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Empire of the Black Sea

The Rise and Fall of the Mithridatic World

Duane W. Roller



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Oxford University Press
10 March 2021
What is commonly called the kingdom of Pontos flourished for over two hundred years in the coastal regions of the Black Sea. At its peak in the early first century BC, it included much of the southern, eastern, and northern littoral, becoming one of the most important Hellenistic dynasties not founded by a successor of Alexander the Great. It also posed one of the greatest challenges to Roman imperial expansion in the east. Not until 63 BC, after many violent clashes, was Rome able to subjugate the kingdom and its last charismatic ruler Mithridates VI.

This book provides the first general history, in English, of this important kingdom from its mythic origins in Greek literature (e.g., Jason and the Golden Fleece) to its entanglements with the late Roman Republic. Duane Roller presents its rulers and their complex relationships with the powers of the eastern Mediterranean and Near East, most notably Rome. In addition, he includes detailed discussions of Pontos' cultural achievements--a rich blend of Greek and Persian influences DL as well as its political and military successes, especially under Mithridates VI, who proved to be as formidable a foe to Rome as Hannibal. Previous histories of Pontos have focused almost exclusively on the career of its last ruler. Setting that famous reign in its wide historical context, Empire of the Black Sea is an engaging and definitive account of a powerful yet little-known ancient dynasty.
By:   Duane W. Roller
Imprint:   Oxford University Press
Country of Publication:   United States
Dimensions:   Height: 237mm,  Width: 167mm,  Spine: 24mm
Weight:   568g
ISBN:   9780190887841
ISBN 10:   0190887842
Pages:   288
Publication Date:   10 March 2021
Audience:   Professional and scholarly ,  Undergraduate
Format:   Hardback
Publisher's Status:   Active

Duane W. Roller is Professor Emeritus of Classics at the Ohio State University, and the author of Cleopatra (OUP 2011), Cleopatra's Daughter (OUP 2018), and Eratosthenes' Geography (Princeton 2010), among others.

Reviews for Empire of the Black Sea: The Rise and Fall of the Mithridatic World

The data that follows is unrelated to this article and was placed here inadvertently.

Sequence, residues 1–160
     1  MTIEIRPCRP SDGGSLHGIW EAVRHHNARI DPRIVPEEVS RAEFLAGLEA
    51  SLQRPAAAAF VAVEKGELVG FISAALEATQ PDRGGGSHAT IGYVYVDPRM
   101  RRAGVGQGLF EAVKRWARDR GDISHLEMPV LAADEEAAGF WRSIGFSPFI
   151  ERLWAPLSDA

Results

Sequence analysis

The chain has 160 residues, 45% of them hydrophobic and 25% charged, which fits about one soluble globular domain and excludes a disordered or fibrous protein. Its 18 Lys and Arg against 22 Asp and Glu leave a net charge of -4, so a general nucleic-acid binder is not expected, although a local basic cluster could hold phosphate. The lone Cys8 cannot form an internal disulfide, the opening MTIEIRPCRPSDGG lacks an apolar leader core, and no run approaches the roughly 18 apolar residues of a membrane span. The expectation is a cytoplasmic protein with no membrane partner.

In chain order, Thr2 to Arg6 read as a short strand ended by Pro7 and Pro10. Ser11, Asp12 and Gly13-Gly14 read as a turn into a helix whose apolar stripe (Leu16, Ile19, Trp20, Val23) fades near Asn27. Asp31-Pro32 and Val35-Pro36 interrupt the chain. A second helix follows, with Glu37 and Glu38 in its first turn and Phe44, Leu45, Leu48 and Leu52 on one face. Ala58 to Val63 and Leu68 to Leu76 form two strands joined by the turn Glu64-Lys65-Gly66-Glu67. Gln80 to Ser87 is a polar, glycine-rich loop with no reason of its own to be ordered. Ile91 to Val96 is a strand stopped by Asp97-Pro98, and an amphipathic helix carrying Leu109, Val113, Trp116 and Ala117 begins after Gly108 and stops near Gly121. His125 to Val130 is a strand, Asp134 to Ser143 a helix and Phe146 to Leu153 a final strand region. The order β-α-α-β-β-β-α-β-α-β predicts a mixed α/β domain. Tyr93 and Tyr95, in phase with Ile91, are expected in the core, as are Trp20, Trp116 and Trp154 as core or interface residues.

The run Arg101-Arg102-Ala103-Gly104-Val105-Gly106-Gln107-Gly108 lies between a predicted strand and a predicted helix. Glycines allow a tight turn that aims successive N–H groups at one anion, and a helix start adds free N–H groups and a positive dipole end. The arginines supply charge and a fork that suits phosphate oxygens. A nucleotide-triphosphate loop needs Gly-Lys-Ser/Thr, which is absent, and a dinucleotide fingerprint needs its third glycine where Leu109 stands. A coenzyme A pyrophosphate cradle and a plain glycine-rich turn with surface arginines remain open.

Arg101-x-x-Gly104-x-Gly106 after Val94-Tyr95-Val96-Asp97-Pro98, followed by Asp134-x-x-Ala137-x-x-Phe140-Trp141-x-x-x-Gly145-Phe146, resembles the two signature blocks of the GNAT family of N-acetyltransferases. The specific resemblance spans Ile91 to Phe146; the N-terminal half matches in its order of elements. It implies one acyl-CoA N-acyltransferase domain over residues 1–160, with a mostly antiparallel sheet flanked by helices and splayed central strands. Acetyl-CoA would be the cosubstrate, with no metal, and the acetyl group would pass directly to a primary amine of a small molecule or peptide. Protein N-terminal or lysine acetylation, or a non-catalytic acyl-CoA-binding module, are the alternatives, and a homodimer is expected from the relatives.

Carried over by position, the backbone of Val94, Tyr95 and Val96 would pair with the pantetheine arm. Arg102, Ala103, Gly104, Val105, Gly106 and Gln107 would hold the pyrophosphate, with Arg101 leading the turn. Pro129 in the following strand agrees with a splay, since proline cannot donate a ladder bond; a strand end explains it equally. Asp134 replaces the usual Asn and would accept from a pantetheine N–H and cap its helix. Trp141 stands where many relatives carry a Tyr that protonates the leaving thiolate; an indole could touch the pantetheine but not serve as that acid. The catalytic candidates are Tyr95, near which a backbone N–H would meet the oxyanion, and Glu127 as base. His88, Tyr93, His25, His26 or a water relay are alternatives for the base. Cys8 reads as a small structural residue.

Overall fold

With a lucid and captivating style, Duane Roller narrates the long career of Mithridates the Great, one of Rome's most stubborn antagonists, and recounts the larger dynastic and historical context of his reign. -- Jeffrey Benecker, University of Wisconsin-Madison Duane Roller has deployed his enormous experience in ancient history and geography to illuminate the fascinating life and extraordinary ambitions of Mithridates the Great. This book reveals the causes, events, and significance of a king who built a Black Sea empire to rival late Republican Rome. His bloody adventures ended in torment and suicide, but his memory lived on among Romans and their heirs, in art, history, and tragic drama. Throughout, amongst so much that is extraordinary, Roller offers a Mithridates who remains convincingly human. -- David Braund, University of Exeter The kingdom of Pontos creatively integrated Persian and Greek political traditions and was Rome's last rival for domination of the eastern Mediterranean, but the last history of this remarkable state was published in 1879. Duane Roller's thoroughly researched and lucidly written book ably provides readers with a long-overdue, updated narrative. -- Stanley M. Burstein, California State University, Los Angeles Roller...has a knack for combing through hard-to-find subjects. He puts that method to use here in assembling an accessible narrative of the early kingdom and of its demise under Mithridates, whose life and death fully occupies half the book. --lHistory Today With his vivid personality and long reign, Mithridates is the stand-out character of 'Empire of the Black Sea,' a historical survey of the Pontic kingdom by the classicists Duane W. Roller --lWall Street Journal Roller resurrects much more than a single king in his pioneering history, the first ever English-language analysis of the entire Mithridates dynasty. --Nature

  • Winner of Finalist for a 2021 PROSE Award.

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